Microsoft also demo'd the Surface 4. Its improved screen is 12.3" at 2160x1440, for a pixel density of 267 PPI. The new pro has a Skylake 6th-gen processor, which they say provides a 30% performance boost over the Surface Pro 3, and a 50% boost over the MacBook Air. The SP4 goes up to 1TB of storage, and up to 16GB of RAM. The Type Cover was improved as well — the touchpad is 40% larger and supports 5-point multi-touch, while the keys have better travel and pitch.

On top of this, Microsoft also unveiled the Surface Book laptop. Its defining feature is that you can unclip the 13.5" touchscreen and use it separately as a tablet. The keyboard dock has a dedicated GPU that will boost performance when attached. Microsoft is using a new type of hinge that bends and extends at multiple points, so you can also reattach the screen backward if you want to use it as a tablet while keeping the extra GPU power available. They claim a 12-hour battery life for the Surface Book.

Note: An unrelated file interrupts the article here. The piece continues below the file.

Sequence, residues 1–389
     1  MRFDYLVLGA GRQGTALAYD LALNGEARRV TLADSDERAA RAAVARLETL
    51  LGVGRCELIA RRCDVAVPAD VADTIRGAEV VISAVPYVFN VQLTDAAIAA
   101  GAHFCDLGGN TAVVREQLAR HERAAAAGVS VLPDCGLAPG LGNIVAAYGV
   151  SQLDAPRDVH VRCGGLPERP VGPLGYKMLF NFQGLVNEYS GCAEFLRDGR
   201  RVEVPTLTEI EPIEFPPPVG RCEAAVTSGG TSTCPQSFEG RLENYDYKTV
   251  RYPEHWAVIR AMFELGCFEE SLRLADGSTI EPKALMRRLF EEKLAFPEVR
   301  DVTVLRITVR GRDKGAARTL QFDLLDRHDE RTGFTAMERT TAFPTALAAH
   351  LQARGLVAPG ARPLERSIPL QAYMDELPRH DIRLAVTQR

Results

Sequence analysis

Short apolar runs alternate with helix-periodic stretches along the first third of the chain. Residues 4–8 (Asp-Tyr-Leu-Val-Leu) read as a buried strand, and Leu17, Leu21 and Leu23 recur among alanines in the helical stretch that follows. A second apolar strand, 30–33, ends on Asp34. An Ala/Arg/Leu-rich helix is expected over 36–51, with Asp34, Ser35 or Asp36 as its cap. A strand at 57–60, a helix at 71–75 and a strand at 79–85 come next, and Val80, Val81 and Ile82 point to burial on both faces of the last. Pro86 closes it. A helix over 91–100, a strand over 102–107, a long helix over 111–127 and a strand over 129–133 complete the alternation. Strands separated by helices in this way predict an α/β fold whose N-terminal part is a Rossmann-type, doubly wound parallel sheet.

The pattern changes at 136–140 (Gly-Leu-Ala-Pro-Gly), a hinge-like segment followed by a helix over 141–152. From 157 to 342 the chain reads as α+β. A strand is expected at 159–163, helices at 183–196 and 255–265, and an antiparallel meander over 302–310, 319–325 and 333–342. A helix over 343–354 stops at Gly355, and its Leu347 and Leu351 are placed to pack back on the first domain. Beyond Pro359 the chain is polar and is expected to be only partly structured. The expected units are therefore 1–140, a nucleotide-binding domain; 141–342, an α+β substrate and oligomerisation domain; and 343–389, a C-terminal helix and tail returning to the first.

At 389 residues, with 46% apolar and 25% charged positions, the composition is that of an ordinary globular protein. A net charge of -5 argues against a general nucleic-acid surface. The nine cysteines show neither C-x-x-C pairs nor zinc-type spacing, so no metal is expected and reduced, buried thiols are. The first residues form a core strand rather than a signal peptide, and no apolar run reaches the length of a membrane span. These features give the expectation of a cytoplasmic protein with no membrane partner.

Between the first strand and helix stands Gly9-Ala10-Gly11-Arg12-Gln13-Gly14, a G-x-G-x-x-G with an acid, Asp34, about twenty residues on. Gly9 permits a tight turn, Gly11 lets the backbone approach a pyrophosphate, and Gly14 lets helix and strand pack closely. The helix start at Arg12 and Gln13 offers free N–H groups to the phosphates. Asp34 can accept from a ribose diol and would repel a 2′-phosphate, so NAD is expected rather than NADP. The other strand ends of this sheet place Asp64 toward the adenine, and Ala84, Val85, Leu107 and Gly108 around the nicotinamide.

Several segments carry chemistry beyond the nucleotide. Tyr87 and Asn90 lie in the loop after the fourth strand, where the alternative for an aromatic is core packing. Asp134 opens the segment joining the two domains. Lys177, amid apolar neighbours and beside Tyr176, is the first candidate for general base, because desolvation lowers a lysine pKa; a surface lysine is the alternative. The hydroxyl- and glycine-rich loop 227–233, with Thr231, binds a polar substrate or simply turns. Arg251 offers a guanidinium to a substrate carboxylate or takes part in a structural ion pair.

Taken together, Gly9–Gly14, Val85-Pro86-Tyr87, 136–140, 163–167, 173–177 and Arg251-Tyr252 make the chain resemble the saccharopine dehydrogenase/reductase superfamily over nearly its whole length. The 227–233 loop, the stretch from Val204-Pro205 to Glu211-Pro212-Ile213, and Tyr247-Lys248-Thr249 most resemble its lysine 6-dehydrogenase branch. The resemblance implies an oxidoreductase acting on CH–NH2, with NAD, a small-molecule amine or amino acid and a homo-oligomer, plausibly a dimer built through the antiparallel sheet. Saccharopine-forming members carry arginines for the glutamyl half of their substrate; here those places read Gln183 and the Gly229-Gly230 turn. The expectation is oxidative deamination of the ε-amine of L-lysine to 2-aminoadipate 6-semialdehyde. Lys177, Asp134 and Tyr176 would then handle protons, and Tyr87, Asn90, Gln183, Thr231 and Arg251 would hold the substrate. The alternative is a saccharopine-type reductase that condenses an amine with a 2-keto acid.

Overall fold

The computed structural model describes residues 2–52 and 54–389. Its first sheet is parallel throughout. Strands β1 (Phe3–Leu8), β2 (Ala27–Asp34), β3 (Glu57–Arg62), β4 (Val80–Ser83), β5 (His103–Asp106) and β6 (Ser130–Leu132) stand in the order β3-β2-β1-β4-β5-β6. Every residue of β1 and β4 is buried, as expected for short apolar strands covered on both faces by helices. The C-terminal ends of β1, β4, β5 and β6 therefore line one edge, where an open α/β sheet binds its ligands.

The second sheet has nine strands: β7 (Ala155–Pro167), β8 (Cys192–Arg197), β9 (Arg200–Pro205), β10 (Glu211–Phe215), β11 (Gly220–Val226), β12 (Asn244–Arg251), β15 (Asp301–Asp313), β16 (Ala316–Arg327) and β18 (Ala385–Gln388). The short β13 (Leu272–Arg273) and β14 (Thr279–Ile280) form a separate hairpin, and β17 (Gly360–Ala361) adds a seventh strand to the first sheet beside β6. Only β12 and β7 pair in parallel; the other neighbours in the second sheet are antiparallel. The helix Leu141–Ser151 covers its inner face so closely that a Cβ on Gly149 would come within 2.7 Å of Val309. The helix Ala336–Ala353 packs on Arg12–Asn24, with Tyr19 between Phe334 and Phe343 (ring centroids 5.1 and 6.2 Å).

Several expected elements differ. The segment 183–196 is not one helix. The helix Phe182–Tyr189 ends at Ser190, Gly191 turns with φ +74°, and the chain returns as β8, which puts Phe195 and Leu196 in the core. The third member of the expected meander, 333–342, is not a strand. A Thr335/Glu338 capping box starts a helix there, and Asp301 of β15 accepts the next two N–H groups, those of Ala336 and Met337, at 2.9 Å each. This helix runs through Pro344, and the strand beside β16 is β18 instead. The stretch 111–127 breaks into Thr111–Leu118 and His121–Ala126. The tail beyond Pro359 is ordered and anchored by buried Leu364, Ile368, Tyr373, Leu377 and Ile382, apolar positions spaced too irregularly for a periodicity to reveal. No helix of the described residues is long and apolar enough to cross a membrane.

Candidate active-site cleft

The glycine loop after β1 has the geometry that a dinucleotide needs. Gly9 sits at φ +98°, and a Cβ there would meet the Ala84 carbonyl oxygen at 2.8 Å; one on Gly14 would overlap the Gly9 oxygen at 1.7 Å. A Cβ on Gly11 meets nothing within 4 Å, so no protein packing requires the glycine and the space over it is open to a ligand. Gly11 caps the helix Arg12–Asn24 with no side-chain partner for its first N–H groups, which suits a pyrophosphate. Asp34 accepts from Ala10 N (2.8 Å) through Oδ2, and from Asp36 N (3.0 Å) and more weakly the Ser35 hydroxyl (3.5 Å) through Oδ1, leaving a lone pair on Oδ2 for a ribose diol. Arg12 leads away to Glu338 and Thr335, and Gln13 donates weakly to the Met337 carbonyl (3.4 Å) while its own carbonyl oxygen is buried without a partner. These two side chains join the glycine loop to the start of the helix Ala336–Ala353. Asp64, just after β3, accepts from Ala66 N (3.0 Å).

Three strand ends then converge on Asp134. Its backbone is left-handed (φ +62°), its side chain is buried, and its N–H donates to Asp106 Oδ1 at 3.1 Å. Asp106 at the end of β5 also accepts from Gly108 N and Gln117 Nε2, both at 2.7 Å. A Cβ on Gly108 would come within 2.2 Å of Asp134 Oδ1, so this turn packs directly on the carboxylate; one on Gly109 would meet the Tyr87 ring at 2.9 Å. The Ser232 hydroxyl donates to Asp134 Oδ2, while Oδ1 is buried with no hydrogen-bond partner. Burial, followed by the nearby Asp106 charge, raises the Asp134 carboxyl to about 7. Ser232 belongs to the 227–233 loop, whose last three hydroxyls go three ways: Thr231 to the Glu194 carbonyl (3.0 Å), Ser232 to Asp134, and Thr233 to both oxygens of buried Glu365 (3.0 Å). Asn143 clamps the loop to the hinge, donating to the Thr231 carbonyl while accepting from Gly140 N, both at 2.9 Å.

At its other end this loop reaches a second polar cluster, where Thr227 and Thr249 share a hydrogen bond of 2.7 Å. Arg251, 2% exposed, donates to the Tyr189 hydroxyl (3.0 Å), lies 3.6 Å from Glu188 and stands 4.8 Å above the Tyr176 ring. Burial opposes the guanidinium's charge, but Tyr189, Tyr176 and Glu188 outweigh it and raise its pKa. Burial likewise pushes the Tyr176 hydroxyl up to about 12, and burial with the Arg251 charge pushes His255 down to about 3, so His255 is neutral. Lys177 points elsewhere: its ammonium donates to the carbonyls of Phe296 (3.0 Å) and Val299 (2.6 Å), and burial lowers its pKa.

International Exploit Kit Angler Thwarted By Cisco Security Team 36

An anonymous reader writes: Researchers at a Cisco security unit have successfully interrupted the spread of a massive international exploit kit which is commonly used in ransomware attacks. The scientists discovered that around 50% of computers infected with Angler were connecting with servers based at a Dallas facility, owned by provider Limestone Networks. Once informed, Limestone cut the servers from its network and handed over the data to the researchers who were able to recover Angler authentication protocols, information needed to disrupt future diffusion.
The Almighty Buck